Surround channel use is very high, and when the clone battle begins, a cacophony is unleashed. The bass is big, bold, and extremely loud. Occasionally some of the dialogue features a noticeable hiss, suggesting that it wasn't looped in a recording booth as is common practice. The soundtrack by John Williams is quite reasonable but far from his best. George Lucas evidently didn't love it that much either, cutting it to pieces in post-production, tracking in snippets from The Phantom Menace, and then mixing it down in favor of the big sound effects. If you have a keen ear, the sloppy editing does become fairly obvious.
Almost making up for a tepid video transfer, Attack of the Clones at least sounds like the big blockbuster that Lucas was aiming for.
The extras for Star Wars Episode II: Attack of the Clones are dispersed over the two included Blu-ray discs. With none to be found on the 4K disc, this means there's no option to watch the 4K disc while listening to the audio commentaries. Such is the prestige of Star Wars that Disney has reversed their one-disc standard approach to 4K releases in this country, bundling each title with not one, but two Blu-ray discs. This is a welcome change, but I suspect one that will be short-lived.
The vast majority of features have been ported over from the previous Blu-ray and DVD releases, except three brief featurettes, Conversations: Sounds in Space, Discoveries from Inside: Costumes Revealed, and The Art of Attack of the Clones, which amount to around 16 minutes of footage. Produced by documentarian J.W. Rinzler, these pack a lot of information in their short run time but are just far too condensed to get excited about. The former is the highlight of the sonic creativity that the film embraced in spades.
Returning are two audio commentaries, the first featuring Director George Lucas, Producer Rick McCallum, Sound editor Ben Burtt, and ILM staffers Rob Coleman, Pablo Helman, John Knoll, and Ben Snow which was recorded in 2002 for the DVD release, while the second is assembled from interview comments and edited together in a fairly relevant and cohesive manner.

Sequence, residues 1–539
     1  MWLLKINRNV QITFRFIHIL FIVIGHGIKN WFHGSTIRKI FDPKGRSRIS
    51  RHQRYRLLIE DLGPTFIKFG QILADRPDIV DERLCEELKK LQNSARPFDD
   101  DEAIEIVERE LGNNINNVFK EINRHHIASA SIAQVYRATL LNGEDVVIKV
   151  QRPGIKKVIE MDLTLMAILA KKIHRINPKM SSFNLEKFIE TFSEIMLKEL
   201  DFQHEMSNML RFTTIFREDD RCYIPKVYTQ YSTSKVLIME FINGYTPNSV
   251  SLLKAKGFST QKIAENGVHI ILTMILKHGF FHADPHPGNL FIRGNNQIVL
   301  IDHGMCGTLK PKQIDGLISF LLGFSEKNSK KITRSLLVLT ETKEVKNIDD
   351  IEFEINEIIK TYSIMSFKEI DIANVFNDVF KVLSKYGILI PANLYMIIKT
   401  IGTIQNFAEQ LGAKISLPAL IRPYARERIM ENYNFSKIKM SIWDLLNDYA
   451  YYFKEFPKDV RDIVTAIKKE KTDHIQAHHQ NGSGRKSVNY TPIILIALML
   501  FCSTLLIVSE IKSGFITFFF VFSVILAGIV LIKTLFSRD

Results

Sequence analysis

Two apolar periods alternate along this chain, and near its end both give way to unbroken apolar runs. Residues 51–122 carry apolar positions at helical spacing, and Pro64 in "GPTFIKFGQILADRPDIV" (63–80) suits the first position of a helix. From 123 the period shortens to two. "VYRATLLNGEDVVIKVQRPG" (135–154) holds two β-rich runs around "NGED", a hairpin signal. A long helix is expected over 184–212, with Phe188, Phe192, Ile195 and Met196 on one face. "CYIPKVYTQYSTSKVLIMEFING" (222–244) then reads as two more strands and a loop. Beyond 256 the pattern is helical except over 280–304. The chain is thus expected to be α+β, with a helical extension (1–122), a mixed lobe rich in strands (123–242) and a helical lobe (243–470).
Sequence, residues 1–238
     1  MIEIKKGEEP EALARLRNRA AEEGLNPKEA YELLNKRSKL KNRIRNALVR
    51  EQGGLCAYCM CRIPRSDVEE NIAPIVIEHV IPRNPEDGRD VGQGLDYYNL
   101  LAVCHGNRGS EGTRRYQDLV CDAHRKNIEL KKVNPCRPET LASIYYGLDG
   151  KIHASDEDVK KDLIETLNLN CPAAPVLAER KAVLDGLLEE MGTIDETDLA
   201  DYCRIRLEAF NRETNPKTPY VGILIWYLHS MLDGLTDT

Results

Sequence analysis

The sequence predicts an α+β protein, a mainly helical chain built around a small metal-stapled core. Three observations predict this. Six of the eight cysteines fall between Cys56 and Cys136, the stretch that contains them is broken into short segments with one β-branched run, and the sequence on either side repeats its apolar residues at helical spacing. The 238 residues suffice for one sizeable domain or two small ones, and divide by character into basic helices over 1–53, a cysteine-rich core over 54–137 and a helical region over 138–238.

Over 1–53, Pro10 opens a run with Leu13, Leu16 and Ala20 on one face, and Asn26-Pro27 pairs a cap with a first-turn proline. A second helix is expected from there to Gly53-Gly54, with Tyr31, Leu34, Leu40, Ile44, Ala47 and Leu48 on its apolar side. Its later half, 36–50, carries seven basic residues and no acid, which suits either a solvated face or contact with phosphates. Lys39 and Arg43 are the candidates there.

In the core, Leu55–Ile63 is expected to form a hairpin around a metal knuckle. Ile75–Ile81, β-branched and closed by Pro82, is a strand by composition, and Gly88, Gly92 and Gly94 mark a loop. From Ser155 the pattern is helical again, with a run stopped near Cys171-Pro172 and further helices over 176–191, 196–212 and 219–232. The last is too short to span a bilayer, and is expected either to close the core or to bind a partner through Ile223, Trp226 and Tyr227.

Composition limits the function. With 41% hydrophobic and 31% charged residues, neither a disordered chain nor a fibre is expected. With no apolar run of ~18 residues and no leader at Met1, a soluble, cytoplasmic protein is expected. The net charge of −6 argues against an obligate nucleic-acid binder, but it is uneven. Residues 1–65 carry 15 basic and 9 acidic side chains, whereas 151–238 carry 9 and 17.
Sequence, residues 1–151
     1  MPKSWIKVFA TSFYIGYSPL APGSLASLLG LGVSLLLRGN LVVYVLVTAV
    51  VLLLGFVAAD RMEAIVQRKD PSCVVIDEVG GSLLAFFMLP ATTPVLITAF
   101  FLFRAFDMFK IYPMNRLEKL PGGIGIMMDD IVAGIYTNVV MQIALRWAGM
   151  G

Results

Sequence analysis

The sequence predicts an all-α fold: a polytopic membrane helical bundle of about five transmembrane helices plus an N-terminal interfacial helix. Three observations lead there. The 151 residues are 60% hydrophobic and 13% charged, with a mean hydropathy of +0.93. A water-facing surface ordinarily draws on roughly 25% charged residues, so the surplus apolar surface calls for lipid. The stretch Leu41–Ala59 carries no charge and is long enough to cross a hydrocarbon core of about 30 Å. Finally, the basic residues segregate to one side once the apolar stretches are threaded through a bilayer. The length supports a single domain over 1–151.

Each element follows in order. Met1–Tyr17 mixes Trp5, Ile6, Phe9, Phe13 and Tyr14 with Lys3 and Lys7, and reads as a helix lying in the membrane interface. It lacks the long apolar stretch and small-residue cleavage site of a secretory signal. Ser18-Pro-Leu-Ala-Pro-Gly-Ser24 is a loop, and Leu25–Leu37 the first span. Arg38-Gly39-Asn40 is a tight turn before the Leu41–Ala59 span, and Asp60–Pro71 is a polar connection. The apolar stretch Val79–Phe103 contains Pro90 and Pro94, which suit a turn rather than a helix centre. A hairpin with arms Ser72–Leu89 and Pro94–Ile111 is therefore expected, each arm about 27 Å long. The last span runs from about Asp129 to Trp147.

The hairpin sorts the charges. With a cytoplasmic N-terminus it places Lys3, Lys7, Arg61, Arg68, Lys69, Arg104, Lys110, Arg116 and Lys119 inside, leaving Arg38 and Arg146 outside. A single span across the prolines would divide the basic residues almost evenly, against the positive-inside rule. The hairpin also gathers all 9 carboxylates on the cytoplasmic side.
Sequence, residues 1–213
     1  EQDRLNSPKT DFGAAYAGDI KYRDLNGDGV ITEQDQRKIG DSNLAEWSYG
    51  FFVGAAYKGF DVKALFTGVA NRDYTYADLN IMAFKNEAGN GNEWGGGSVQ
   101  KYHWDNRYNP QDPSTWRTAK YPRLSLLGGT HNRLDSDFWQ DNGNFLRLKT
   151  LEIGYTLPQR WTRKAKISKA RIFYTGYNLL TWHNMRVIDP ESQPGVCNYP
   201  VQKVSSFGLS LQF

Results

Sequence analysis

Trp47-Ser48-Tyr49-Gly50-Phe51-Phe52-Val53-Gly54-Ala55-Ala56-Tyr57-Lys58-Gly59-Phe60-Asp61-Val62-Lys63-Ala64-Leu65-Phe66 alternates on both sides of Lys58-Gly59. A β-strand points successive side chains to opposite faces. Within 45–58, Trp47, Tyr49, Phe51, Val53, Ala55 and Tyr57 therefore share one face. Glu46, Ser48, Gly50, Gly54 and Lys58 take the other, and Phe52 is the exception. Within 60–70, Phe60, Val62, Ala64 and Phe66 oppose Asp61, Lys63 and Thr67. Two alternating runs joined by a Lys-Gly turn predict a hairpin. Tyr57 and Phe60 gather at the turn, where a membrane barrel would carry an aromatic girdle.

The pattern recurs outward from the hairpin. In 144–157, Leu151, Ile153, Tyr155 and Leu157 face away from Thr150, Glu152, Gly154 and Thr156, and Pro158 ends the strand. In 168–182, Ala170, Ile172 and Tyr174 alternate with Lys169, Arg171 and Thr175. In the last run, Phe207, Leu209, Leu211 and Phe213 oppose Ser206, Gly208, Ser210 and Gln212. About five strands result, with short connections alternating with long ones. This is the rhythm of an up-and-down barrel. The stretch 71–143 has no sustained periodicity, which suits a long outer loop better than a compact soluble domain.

The feature-length documentary From Puppets to Pixels, which debuted on the first DVD release, makes a very welcome return, albeit locked to standard definition and appearing a little worse for wear. Over its 52 minute length, the feature looks at the evolutionary role that CG was playing in the industry at the time of its production, which gave Lucas the confidence to push forward with multiple digital characters, including Yoda's conversion from a puppet to CG.
A further two documentaries State of the Art: The Previsualization of Episode II and Films Are Not Released, They Escape take a closer look at other technical aspects which Attack of the Clones pioneered.
Next up are nine Deleted Scenes, most cut quite clearly in the editorial process which includes a more explained backstory for Count Dooku's rejection of the Jedi order, a very unfinished extended speeder chase, more background on Anakin's recurring nightmares, an introduction to Padme's family and an additional subplot meant for the climactic end battle which sees a subset of Jedi leading an attack on the droid control ship.
Finally, we have the Episode II Visual Effects Breakdown Montage and some limited Interviews with cast and crew to round out the collection.
Attack of the Clones is hardly top shelf Star Wars and its aged poorly in content, execution and technical prowess.